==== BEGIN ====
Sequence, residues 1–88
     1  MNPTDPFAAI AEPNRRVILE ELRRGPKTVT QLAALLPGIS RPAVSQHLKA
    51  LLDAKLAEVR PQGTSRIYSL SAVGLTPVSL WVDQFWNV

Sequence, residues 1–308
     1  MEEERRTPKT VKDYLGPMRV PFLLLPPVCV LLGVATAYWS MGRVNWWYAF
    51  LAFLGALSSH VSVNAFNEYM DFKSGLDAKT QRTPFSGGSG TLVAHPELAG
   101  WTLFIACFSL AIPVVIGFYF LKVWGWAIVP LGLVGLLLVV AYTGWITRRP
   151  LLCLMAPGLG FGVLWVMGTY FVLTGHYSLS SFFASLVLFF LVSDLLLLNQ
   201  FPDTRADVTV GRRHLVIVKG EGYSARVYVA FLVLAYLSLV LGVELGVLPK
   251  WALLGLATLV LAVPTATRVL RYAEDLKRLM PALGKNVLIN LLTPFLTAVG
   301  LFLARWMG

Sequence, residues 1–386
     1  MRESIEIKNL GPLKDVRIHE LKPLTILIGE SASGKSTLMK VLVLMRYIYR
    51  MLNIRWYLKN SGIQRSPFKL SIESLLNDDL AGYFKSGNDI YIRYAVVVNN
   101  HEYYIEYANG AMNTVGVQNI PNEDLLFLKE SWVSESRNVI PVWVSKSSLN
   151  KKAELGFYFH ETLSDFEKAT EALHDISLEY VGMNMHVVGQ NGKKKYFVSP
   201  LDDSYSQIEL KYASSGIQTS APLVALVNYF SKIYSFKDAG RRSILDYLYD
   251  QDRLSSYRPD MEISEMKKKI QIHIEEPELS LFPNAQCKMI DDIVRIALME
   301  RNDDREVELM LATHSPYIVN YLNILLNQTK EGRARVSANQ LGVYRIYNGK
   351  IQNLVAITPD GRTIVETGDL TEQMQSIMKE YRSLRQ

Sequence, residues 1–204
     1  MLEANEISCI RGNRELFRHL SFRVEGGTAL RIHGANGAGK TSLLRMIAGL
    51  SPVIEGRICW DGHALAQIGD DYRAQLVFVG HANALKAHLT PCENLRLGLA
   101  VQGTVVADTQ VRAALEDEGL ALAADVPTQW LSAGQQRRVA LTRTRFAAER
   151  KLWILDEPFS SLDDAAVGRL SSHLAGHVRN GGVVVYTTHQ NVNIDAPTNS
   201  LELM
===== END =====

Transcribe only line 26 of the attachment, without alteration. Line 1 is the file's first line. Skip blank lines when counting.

   201  LELM